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Pixar's 'Inside Out' Is A Mind-Opening Masterpiece


This is FRESH AIR. Film critic David Edelstein has a review of "Inside Out," the new movie from Pixar Animation Studios. It's co-written and directed by Pete Docter, who made "Up" and had a hand in the script for "WALL-E." Amy Poehler provides the voice of Joy, who is the actual emotion joy in a young girl's head.

DAVID EDELSTEIN, BYLINE: Most of Pixar's new masterpiece "Inside Out" is set inside the mind of an 11-year-old girl named Riley who's growing more and more unhappy when her family moves from her beloved Minnesota to a strange city - San Francisco. Director Pete Docter depicts Riley's mind as a luminously-colored, sprawling theme park. It goes on and on with islands of memory, imagination and dream worlds and a train of thought that's an actual train. High in the air in a control tower is headquarters, where, stealing Riley's life, five emotions work in harmony - and not infrequently, disharmony - joy, fear, anger, disgust and sadness. Each is human-shaped, only of different sizes and colors, and each is vital in keeping Riley safe and stable. But with the move to a new city, the blue, bespectacled lump Sadness, voiced by Phyllis Smith, has begun to acquire more influence, to the consternation of golden-hued Joy, who is the movie's heroine. Sadness is fingering Riley's bowling ball-shaped, joyful memories, which regularly roll into headquarters, and turning them a melancholy blue. And Sadness is messing with core memories too, the ones that helped form Riley's identity. Riley is sinking into a swamp of despair.

If that sounds serious for an animated comedy, it is. But then most of Pixar's movies are rooted in the pain of loss - loss of a planet in "WALL-E," a family in "Finding Nemo" and "Up," or just childhood, when the world seemed a simpler and more joyful place, in "Toy Story." Docter, whose last film was "Up," had the idea for this movie a little over five years ago after he saw his own 11-year-old daughter become sad, and tried to imagine how the world looked through her eyes. I think "Inside Out" will help sad girls and boys and the grown-ups who grew up from them and recall those feelings for as long as there are movies. It's going to be a new pop-culture touchstone. Joy is voiced by Amy Poehler, who is brilliant at conveying not just supernatural exuberance, but quavers of doubt that keep Joy from being cloying or cartoonish. Much of "Inside Out" is an odyssey in which Joy and Sadness, having been sucked up a shoot and propelled to the far end of Riley's mindscape, must find their way back to HQ before Riley breaks down entirely.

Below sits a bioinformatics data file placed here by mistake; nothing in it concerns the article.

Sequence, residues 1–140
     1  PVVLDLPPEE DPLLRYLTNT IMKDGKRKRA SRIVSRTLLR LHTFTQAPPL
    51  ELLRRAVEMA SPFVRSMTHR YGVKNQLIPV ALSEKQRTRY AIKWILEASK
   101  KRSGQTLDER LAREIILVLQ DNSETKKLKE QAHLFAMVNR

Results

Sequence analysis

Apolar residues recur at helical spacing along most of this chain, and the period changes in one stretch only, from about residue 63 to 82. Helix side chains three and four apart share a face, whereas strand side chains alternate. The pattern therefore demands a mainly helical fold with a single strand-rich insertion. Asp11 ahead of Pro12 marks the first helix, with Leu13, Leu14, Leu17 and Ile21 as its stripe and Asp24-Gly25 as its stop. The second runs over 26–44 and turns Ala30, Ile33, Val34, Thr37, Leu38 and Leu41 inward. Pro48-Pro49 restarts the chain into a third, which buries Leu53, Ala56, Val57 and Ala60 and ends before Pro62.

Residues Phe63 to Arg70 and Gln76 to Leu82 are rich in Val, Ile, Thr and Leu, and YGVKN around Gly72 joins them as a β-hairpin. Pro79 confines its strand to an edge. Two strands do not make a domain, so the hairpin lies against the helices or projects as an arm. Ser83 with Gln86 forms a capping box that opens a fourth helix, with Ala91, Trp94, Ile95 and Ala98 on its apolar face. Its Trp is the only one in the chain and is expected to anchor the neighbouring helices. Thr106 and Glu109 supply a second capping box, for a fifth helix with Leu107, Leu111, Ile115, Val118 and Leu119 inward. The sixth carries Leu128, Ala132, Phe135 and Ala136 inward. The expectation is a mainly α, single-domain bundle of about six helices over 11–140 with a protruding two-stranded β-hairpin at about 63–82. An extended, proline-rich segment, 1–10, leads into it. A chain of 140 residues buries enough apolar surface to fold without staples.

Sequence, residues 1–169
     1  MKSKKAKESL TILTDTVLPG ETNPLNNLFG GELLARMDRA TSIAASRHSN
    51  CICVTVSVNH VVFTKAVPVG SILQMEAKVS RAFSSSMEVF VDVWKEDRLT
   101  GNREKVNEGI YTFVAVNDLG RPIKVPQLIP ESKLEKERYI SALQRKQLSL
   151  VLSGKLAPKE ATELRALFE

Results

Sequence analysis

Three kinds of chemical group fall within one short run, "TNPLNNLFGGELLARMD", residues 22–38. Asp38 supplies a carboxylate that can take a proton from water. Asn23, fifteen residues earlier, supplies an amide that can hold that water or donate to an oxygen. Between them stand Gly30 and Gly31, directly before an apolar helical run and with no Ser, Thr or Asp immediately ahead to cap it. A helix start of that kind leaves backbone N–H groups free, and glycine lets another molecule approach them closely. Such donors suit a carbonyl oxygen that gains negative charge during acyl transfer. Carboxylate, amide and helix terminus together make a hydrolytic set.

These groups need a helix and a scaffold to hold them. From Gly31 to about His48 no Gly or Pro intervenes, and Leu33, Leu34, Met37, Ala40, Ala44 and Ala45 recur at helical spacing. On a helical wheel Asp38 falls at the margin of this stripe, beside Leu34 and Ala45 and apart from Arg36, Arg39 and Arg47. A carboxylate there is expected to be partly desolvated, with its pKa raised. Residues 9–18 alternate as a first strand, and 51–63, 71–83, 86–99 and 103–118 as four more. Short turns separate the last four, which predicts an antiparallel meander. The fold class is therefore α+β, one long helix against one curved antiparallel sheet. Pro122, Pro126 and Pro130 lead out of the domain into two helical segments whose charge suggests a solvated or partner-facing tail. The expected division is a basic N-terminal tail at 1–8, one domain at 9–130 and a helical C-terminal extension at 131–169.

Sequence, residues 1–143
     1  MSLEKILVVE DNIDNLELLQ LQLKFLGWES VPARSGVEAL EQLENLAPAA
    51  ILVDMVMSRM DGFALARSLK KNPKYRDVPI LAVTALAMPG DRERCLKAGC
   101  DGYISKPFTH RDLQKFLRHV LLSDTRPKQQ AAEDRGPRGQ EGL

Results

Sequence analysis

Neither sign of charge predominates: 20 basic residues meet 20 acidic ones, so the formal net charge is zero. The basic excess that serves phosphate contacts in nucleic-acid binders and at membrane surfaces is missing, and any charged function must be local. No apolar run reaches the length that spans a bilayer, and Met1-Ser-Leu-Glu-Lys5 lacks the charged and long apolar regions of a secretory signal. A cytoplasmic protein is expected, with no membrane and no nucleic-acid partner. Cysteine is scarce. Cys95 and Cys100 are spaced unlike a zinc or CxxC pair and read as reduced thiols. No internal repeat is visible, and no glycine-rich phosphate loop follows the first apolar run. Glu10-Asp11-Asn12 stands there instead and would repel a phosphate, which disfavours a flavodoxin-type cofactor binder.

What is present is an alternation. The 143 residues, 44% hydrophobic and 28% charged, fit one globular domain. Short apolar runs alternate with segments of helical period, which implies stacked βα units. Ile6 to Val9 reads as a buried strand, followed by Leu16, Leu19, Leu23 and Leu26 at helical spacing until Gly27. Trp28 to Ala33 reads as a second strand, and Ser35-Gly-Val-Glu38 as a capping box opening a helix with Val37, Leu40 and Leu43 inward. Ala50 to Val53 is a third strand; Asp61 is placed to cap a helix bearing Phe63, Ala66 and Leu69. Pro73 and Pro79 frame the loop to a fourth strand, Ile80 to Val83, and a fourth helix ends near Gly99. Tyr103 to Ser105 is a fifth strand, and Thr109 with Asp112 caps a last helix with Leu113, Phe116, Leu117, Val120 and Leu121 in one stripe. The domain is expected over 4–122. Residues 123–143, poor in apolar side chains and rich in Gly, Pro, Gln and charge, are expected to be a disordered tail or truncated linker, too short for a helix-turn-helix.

The verbal and visual gags are dizzying. I can't think of one that doesn't grow out of insights into psychology or pop-culture or architecture. The long-term memory storage facility where Joy and Sadness get lost was inspired by a Jelly Belly candy factory and an egg processing plant. Its walls are towers of balls glowing yellow, blue, green, red and purple.


PHYLLIS SMITH: (As Sadness) Wait - Joy, you could get lost in there.

AMY POEHLER: (As Joy) Think positive.

SMITH: (As Sadness) OK. I'm positive you will get lost in there. That's long-term memory, an endless warren of corridors and shelves. I read about it in the manuals.

POEHLER: (As Joy) The manuals? The manuals - you read the manuals.

SMITH: (As Sadness) Yeah.

POEHLER: (As Joy) So you know the way back to headquarters.

SMITH: (As Sadness) I - I guess.

POEHLER: (As Joy) You are my map. Let's go. Lead on, mind map. Show me where we're going.

SMITH: (As Sadness) OK. Only - I'm too sad to walk. Just give me a few hours?

POEHLER: (As Joy) Which way? Left?

SMITH: (As Sadness) Right. No, I mean go left. I said left was right, like, correct.


SMITH: (As Sadness) This actually feels kind of nice.

POEHLER: (As Joy) OK, here we go. We'll be back to headquarters before morning. We can do it. This'll be easy. This is working.

EDELSTEIN: You often hear the arc of a person's life is determined not by misfortunes but by how he or she responds to them. And that's what Pete Docter is charting, in the weirdest, zaniest way, without clunky therapy- speak, but for therapeutic ends - how haywire contradictory emotions can reassemble themselves into something adaptive. Joy turns out to be stronger and more stable with an awareness of Sadness. Their colors can blend. I won't spoil the surprises which hit you around every bend, except to say Joy and Sadness meet an amiable, dopey clown called Bing Bong, voiced by Richard Kind, who was once Riley's imaginary friend. Bing Bong carries a trace of the melancholy of "Toy Story's" toys, who learn they have no place in a growing child's consciousness. But just knowing he's in there somewhere enlarges our sense of the vastness of the human mind. In all kinds of marvelous ways, "Inside Out" is mind-opening.

BIANCULLI: David Edelstein is film critic for New York magazine.


BIANCULLI: On Monday's FRESH AIR, Terry talks with comic Marc Maron about interviewing President Obama for Maron's WTF podcast, a podcast recorded in Maron's garage. How did that happen? Also, we hear from the director of the new film, "Me And Earl And The Dying Girl," Alfonso Gomez-Rejon. It won the audience award and the grand jury prize at this year's Sundance Film Festival. Hope you can join us. Transcript provided by NPR, Copyright NPR.

David Edelstein is a film critic for New York magazine and for NPR's Fresh Air, and an occasional commentator on film for CBS Sunday Morning. He has also written film criticism for the Village Voice, The New York Post, and Rolling Stone, and is a frequent contributor to the New York Times' Arts & Leisure section.